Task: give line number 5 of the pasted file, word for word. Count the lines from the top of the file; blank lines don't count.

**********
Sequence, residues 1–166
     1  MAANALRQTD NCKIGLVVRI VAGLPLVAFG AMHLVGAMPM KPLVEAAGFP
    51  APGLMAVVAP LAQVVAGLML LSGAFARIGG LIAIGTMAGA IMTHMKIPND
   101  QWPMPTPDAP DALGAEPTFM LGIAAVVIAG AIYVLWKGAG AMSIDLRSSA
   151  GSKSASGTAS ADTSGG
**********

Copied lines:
   151  GSKSASGTAS ADTSGG